IMG_4701The other day, when hiking in the woods behind our house, we came to an area of the forest we didn’t remember visiting ever before. 

The sight before us was breathtaking:  amidst the flaming reds and oranges of autumn there was a virtual sea of delicate pink, pale green, and blush-colored leaves, as wide and deep as the eye could see.  It reminded me so very much of cherry blossoms in the spring, and all I could think was how absolutely gorgeous it was!

At the same time, I knew better.  All this blushing beauty that we didn’t remember having seen before?  We probably hadn’t.  This side of the mountain was overrun by burning bush, a species so aggressive and invasive that several states have forbidden people from buying/planting it.

Once upon a time, I, too, thought “What’s the big deal?”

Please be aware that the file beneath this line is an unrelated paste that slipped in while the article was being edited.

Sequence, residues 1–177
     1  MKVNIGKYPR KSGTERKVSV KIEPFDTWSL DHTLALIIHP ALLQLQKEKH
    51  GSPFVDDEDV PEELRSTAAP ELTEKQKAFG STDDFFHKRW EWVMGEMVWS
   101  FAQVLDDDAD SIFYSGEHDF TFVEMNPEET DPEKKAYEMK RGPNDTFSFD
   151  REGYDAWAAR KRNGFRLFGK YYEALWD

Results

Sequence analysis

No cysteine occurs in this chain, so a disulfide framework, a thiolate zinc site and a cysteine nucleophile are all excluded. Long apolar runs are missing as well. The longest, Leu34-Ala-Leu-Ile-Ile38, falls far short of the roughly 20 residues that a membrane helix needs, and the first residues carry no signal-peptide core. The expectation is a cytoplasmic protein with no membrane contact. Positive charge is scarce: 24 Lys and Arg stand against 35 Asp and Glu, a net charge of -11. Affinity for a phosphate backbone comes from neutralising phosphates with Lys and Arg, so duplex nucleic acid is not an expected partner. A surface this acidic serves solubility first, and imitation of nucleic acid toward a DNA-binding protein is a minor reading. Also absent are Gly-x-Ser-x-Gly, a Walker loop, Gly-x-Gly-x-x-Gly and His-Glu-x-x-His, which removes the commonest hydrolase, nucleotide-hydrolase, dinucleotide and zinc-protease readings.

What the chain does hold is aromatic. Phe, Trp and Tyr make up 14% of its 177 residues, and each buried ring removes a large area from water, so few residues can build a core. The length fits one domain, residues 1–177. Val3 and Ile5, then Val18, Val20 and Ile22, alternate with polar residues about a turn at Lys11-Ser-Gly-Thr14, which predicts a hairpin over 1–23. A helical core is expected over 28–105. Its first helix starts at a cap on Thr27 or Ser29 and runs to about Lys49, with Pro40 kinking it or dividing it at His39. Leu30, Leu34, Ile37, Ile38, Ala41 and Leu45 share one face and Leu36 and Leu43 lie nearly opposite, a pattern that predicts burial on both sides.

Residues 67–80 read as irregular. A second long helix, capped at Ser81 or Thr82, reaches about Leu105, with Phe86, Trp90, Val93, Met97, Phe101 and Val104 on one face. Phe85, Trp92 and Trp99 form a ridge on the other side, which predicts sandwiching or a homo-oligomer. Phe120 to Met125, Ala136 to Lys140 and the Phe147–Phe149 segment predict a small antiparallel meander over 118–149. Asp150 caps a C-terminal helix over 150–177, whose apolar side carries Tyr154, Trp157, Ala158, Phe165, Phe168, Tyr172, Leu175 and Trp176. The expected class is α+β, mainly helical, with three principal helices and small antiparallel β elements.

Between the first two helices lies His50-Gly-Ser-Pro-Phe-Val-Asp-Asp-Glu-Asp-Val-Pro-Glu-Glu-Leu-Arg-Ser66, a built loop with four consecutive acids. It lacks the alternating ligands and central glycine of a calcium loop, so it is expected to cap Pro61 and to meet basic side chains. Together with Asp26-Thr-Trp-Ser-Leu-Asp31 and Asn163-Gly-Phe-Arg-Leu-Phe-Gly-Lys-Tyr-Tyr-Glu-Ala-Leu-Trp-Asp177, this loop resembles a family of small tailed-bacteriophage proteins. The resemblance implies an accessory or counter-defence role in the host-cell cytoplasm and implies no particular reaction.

Then, I wrote an article on invasive plant species that changed the way I thought about the issue.

The problem with invasive plants is that for the most part, they are non-native.  Many of them were intentionally brought to this country from abroad because of their beauty in our gardens, and their ability to withstand the things our own native plants could not, be it disease, insects, or pests such as rabbits, woodchucks, or deer.

Therein lies the problem.  Nothing here will eat these plants, allowing them to grow unchecked, and choke out the native species that feed our local fauna.  Local fauna, with no native flora to eat, come to our gardens for forage.  We run to garden centers to buy more deer-proof plants.

It still doesn’t seem like that big a deal, does it?  Well, according to,

“In the worst cases, invasive plants like mile-a-minute, purple loosestrife, and kudzu ruthlessly choke out other plant life.  This puts extreme pressure on native plants and animals, and threatened species may succumb to this pressure.  Ultimately, invasive plants alter habitats and reduce biodiversity.”

Scary, isn’t it?  I think back to that sea of blushing foliage on the other side of the mountain and shudder to think that particular beauty is a beast, and it’s right outside my back door.